“But business is bad. Drastic times-”

“Call for sticking to your guns! I’d have thought you baby-boomers would know that more than anyone. Otherwise nobody takes hold of the wheel and we’ll start to flounder.”

“Don’t you mean founder?” Chris sticks his head in.

“Did you finish those boxes?”

“Well I would have cap’n. But it seems we’ve picked up a shipwrecked moppet in need of Zephyrus to reach the safety of our Levantine port.”

“Jesus Chris! Knock it off! What’s going on?”

“There’s a really drunk girl crying out there.”

“What?” He quickly gets up and squeezes between the two

jokesters in the hall and sees a girl with her head on the table, her two forearms covering her face shuddering with paroxysms as if a maniacal puppeteer pulled at the strings of his broken marionette. He feels a sharp frisson raise the hairs on the back of his neck, a lean feeling of responsibility overtaking him as he nears the table, some deep need of humanity that a discounted order or a free drink can’t mollify. He wants to have Chris take care of it. He’s the people person. Hell, Stubb might be able – no, he takes it back. His gut tells him what he needs to say but to do that would be the equivalent of vomiting, but he can feel the two of them staring at his apprehensive advance, something so ridiculous that their jesting would feel profane. Maybe calling it ridiculous is his latent cynicism, maybe this is different.

Especially with the ambiguity of the moment. The same ambiguity that preserves innocence. Before the buildup of incriminating evidence that we all fall victim to. When we don’t know, we can still believe in the refugee of maybe.

But walking up to her feels like writing the first line in a love letter. Encounters like this twenty years ago seemed to happen monthly, sometimes weekly. Confronting tears in mysterious situations when it was beautiful and passionate and sometimes he would find himself crying too. Now with his ergonomic perspective this didn’t sound appealing. It sounded awkward and difficult and nostalgic. Things he tries his best to distance himself from, making each heavy day get heavier.

“For God’s sake, she’s not about to jump off the Manhattan Bridge, go talk to her!”

“I don’t see you guys coming up here!”

“Seriously?” Chris walks past the two of them from the safety of the partitioned register and leans closely next to her. “Do you need some water?”

Cooper watches them cock-eyed, “Be careful Chris, I don’t want to get a lawsuit on my hands. Just get her some water.”

“She doesn’t need water you idiot. She just wants her man,” Stubb opines from the register’s ledge. No one can tell if she’s sobbing hardier at this statement. “I’ve seen this a million times. I can already tell you how this story’s gonna end. And it ain’t gonna be pretty.”

“Stubb! Either keep it to yourself or go clean the grill!” Cooper yells a little too loudly, Stubb mumbling as he starts to walk away but turns around staring childishly.

     “Do you need some help, miss?” Chris asks in a stilted voice but not out of insincerity. Cooper observes the two of them, these young people. Her pale legs, ‘80s neon bright clothing, hair dyed a seafoam green, pins in her leather jacket like a Sex Pistols groupie who shops at Urban Outfitter, all of it next to this kid who on his most rebellious days would wear ripped jeans struck him as comical. He doesn’t remember this much of a disparity in his own generation’s image, but they seemed to get along so well, much better than the gen X’ers, and definitely a hell of a lot better than his father’s Easy Rider-esque culture clash. They seemed unified but there was something inhuman in their timidity, in how reasonable they could sometimes be. Their concern for the world. “I think we should get her some water.”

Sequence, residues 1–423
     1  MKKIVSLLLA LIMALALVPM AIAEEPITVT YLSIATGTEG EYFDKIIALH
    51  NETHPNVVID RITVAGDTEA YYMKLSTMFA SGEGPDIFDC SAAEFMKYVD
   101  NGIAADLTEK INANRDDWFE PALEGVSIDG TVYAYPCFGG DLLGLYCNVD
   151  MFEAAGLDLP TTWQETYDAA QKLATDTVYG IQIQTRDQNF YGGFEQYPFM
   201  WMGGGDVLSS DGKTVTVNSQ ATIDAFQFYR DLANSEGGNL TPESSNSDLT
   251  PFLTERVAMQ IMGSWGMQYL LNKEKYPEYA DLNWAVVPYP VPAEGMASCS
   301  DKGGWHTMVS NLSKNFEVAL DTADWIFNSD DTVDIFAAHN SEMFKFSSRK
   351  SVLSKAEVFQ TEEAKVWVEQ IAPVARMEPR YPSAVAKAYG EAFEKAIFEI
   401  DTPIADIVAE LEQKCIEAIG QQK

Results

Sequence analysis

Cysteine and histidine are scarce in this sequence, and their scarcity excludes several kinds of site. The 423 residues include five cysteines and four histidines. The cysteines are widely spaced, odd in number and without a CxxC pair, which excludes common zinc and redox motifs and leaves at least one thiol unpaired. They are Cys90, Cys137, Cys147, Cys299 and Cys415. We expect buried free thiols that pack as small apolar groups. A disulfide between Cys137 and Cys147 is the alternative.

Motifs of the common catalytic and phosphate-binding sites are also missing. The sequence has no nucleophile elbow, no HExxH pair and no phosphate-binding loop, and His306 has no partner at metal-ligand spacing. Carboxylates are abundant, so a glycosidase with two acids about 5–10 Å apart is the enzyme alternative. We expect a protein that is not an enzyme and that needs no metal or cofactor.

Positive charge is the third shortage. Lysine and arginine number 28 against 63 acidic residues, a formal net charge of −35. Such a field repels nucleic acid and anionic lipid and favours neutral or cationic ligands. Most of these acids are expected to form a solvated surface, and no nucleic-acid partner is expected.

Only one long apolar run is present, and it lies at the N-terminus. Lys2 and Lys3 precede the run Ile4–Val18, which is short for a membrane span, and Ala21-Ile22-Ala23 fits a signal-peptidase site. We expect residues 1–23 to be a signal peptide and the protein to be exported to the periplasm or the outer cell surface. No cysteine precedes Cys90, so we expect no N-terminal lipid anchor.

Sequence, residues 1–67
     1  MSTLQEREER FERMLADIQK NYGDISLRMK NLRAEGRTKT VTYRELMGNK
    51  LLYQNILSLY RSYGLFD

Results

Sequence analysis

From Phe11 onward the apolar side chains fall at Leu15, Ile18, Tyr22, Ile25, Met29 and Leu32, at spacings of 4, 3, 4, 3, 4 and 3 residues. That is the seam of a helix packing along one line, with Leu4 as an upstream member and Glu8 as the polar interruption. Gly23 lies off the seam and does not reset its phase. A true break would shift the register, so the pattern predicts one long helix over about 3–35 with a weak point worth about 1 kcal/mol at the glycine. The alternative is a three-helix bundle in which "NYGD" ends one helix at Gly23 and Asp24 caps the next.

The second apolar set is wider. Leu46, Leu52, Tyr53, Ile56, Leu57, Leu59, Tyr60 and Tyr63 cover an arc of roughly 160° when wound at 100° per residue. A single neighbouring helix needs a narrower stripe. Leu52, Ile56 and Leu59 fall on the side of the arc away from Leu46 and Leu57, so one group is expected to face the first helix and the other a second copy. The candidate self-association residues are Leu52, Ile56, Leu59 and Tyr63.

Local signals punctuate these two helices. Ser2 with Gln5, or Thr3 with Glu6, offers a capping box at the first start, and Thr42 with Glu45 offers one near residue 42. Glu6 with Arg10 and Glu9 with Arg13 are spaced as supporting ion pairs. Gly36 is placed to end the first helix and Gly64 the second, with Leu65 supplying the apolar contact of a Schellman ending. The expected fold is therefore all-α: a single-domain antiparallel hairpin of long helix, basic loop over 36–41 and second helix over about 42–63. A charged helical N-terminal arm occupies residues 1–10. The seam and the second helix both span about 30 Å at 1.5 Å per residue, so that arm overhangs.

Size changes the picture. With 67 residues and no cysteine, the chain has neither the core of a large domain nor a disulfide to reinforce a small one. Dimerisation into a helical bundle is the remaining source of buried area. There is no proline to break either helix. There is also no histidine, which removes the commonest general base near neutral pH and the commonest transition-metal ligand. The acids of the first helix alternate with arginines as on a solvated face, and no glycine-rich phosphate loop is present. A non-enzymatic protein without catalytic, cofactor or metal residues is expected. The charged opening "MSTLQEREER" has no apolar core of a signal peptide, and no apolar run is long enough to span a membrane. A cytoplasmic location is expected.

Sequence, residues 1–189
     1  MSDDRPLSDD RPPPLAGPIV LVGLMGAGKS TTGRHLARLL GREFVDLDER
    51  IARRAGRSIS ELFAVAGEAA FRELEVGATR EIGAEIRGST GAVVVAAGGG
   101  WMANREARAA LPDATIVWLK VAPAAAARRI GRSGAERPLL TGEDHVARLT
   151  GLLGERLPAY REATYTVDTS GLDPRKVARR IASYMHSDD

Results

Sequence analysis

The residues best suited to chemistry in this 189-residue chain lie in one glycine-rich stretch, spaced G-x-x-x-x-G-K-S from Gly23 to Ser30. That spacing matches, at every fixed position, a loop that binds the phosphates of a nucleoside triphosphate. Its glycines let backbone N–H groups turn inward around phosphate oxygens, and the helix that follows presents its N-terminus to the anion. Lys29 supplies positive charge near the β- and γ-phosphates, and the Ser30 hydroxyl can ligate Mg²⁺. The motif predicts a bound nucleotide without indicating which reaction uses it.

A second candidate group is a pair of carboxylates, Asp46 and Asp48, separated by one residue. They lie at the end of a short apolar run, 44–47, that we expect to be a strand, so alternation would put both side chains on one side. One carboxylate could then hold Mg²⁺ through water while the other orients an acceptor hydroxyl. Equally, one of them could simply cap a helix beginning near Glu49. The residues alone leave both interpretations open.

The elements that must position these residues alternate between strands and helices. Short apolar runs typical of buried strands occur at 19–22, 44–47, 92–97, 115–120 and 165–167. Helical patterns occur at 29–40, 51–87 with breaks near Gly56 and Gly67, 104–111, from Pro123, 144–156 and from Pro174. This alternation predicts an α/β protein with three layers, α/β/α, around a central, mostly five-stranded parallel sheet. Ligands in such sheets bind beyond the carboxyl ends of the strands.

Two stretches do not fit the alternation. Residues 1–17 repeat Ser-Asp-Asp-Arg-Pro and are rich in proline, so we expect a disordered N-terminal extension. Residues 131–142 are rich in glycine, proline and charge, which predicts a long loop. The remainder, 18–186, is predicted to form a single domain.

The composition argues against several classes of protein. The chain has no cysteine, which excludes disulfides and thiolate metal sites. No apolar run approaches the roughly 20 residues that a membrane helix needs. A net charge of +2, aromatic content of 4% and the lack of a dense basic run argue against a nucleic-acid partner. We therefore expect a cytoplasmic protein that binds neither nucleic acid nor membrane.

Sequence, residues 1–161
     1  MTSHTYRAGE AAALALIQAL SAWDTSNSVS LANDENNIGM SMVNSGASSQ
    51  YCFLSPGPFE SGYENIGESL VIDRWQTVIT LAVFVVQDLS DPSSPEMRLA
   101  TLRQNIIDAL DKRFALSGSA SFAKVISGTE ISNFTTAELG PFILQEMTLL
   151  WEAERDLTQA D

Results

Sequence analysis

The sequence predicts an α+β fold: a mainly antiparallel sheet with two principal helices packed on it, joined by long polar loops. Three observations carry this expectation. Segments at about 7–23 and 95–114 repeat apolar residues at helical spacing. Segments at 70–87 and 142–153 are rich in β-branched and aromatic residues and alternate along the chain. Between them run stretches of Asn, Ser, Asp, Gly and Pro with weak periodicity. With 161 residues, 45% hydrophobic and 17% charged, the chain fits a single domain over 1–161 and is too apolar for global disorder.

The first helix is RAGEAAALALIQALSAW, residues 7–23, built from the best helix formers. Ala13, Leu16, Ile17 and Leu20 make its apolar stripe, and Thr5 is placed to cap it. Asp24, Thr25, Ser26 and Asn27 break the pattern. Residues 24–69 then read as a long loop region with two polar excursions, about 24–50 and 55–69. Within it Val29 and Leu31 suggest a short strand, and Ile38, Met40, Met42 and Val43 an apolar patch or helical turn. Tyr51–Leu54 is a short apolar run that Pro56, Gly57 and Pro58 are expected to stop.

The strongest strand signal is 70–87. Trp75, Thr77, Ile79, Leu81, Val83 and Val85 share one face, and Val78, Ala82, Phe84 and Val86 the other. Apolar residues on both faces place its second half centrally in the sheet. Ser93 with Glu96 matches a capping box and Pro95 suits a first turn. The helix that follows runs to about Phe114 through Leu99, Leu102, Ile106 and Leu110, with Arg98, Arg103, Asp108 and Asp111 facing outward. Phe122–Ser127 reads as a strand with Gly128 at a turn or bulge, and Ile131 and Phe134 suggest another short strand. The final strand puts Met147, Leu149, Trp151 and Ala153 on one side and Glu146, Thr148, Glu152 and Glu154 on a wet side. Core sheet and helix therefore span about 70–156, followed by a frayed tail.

“Sure!” Cooper clumsily turns around and rushes to grab a glass, hurrying by an intrigued Stubb. People walking by look in, some laughing, some slowing down, some gasping, but none stopping.

     Seeing Chris handle the situation makes Cooper think back on his past-self, his discursive 20s. He can remember vividly driving home one day in the AM after his late-night shift, back when he would close at some pathetic fast-food joint in strip-mall purgatory. He drove to his parent’s house and on the ghostly winter roads he could see a hazy red light in the distance. This was back when he still entertained ideas of mysticism, seeing alternatives to the pessimistic commentary about the falseness of modernity and all that hypocritical bullshit that came to mind as he neared the mist. Turns out a pick-up truck had flipped upside down in the middle of the road, listing like an overburdened whaler, the engine still on, husky smoke and steam billowing out of its orifices, the black and white vapors mingling. The piebald cloud absorbed the red aura and the scene took on the unearthly glow of a dream. Snow had yet to line the crevasses of the vehicle’s underbelly, but then again, maybe the mechanical heat prevented any of it from covering the car. Without thinking, Cooper pulled over and jumped from his vehicle prepared to pull some organ-strewn mess from between the engine block and steering wheel, a familiar blob of pulpy tissue. But instead, the Ford’s innards were empty, the behemoth of a luxury truck having spewed its unrepentant cargo to parts unknown. All that was left for him to do was reach in and pull the keys from the ignition, which is what he did. But he couldn’t have helped thinking that somehow he could have replaced the body, some arbitrary spark engulfing his body in gasoline, galvanized steel, and fire; he, caught on the lee-less pavement like some regretful monk without a manifesto of a cause, flailing like an animal, not knelling in silence. He didn’t call the police, and he didn’t call an ambulance for the disappeared body. A few other cars pulled up and he handed them the icy keys and drove off. Later that week he had found out at a party that the wheelman was some drunk who flipped the car and not only walked away miraculously unscathed but ran all the way home to avoid the DWI ticket. And to think, Ol’ Coop could have perished for that man. It infuriated him now, but at the time he didn’t care.